It had been many years since we visited Pima Air and Space Museum. When we first moved to Tucson more than 10 years ago, we took our young grandchildren there and had not been back since, except briefly to create one of our 50 original videos when we first started the Guide two years ago. See our Pima Air Museum video here.
However, my father was visiting for the Thanksgiving holiday and Ms. Karen & I were certain he would enjoy this amazing tour of American history. Dad was born at St. Mary’s Hospital on Christmas Day 1919. That happy event made him, not only a Natural American, but also a Native Tucsonan.
As a young man, Father was a medic in the European Theater during World War II. He doesn’t talk much about The War unless he is with people who lived through that most horrific period in world history.
As expected, he truly enjoyed reminiscing with the Air and Space Museum’s many excellent docents; most, perhaps all, of whom are vets themselves. This vast indoor/outdoor museum dedicated to human flight has a historically important & diverse collection of over 300 airplanes and space vehicles. Its real treasures, however, are the docents. Our recommendation: take a tour; talk to the docents. It will enrich your experience immeasurably.
Many docents had actually flown in the Museum’s fine collection of military planes like the ones on display, and experienced war as few of us (hopefully) ever will. They, like my father, are living history.
Pima Air and Space Museum is actually many museums. The main facility has several hangers, each dedicated to some aspect of flight. For example, Hanger #1 has a replica Wright Flyer. In 1903, the Wright Brothers got one just like this off the sandy beach at Kitt Hawk, NC for a flight of 120 feet at about 7mph. An astounding achievement that changed our world forever.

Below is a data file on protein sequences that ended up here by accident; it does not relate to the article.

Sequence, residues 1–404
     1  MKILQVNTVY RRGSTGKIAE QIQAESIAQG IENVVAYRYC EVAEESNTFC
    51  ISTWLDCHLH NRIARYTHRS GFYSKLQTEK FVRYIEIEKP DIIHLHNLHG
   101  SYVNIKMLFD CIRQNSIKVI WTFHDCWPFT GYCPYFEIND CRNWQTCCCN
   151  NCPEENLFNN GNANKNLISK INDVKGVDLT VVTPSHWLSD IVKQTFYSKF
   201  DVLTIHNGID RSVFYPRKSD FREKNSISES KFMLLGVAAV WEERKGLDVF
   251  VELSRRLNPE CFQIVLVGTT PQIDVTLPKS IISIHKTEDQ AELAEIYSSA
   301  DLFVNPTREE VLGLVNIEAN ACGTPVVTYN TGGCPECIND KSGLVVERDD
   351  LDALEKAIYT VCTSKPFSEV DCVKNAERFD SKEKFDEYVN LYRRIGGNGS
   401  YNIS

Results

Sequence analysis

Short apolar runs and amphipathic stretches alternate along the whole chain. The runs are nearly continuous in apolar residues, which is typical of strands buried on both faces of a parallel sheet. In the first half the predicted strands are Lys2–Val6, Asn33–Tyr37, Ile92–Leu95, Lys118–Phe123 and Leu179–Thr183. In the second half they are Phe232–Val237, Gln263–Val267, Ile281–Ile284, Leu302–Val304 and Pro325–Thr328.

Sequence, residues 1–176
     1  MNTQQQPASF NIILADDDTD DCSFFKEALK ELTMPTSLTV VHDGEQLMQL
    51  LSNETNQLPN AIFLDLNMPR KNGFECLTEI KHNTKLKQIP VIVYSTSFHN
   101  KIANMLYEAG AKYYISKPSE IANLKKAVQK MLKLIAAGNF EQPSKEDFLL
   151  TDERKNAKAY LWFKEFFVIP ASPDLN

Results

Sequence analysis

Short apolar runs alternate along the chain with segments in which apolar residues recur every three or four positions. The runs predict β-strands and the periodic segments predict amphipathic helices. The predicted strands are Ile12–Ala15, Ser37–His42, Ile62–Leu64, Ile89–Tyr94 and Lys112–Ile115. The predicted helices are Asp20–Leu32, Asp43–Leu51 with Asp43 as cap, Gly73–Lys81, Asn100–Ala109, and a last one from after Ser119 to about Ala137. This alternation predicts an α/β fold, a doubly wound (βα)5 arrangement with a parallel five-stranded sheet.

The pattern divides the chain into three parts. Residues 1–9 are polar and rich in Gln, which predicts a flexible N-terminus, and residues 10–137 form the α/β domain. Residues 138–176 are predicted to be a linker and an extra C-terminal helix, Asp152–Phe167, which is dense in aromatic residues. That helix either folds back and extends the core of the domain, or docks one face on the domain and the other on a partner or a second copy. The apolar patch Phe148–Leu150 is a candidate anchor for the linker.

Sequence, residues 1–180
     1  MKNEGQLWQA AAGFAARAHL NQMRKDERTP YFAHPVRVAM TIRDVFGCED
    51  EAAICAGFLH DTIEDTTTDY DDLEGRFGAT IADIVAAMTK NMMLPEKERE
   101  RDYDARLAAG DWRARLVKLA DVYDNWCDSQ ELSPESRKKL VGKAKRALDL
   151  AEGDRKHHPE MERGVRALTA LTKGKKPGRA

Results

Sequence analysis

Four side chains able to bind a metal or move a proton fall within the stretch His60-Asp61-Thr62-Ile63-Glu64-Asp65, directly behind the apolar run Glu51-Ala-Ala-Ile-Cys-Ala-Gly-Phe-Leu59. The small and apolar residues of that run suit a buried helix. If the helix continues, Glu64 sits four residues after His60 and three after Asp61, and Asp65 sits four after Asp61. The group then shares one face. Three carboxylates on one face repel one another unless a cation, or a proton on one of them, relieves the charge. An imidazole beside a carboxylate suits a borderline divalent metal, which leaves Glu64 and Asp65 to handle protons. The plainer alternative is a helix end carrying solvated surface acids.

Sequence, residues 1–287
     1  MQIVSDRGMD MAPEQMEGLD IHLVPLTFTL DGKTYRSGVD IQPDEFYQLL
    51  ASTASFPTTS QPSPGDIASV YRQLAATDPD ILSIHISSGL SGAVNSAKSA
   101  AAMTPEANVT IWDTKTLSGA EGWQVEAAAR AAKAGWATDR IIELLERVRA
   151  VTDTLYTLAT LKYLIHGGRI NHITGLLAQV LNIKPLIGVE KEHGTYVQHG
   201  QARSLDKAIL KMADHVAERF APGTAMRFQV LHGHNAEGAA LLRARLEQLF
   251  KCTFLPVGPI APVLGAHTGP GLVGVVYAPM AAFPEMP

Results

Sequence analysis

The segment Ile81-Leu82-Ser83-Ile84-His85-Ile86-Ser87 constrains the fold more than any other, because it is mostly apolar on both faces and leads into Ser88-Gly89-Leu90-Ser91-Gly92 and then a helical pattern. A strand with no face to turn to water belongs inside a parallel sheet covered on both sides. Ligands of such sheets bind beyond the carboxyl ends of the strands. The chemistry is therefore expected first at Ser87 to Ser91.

Only 7 decades later, using a 1950’s design and 1960’s technology, an SR-71 Blackbird, designed and built-in secret at the Lockheed Skunk Works, flew from sea to shining sea in 67 minutes. We had to get into orbit before we could do it faster.
Most of the planes here were designed and built for the U.S. military. They, and those like them, helped preserve the freedoms we mostly take for granted today. But at Pima Air & Space, these magnificent warbirds have been beautifully restored as if they had just rolled off the assembly line, ready to defend us again should the need arise.
Hanger #3 houses, for example, a restored B-25 like the ones used by Lt. Col. Jimmy Doolittle (later “General”) and his squadron in their heroic, audacious retaliatory raid on Tokyo only 4 months after Pearl Harbor. They put the enemy on notice that, while the Empire of Japan had dealt the United States a powerful body blow that dropped us to our knees, they were now in a fight for their lives. Expect no quarter.
Hanger #4 houses later WWII aircraft, including a magnificent B-29 Superfortress, called “Sentimental Journey”.
These were among the largest aircraft in service during World War II in the Pacific Theater. It was a very advanced bomber for its time. For example, the B-29 has a pressurized cabin, a fire-control system, and remote-controlled machine-gun turrets.
The B-29 was designed as a high-altitude strategic bomber, but bombing from such heights was too imprecise in those early days to be militarily effective. So, the B-29’s were re-purposed as low-altitude night incendiary bombers essentially roasting the Japanese, military & civilian indiscriminately, in one massive firestorm after another.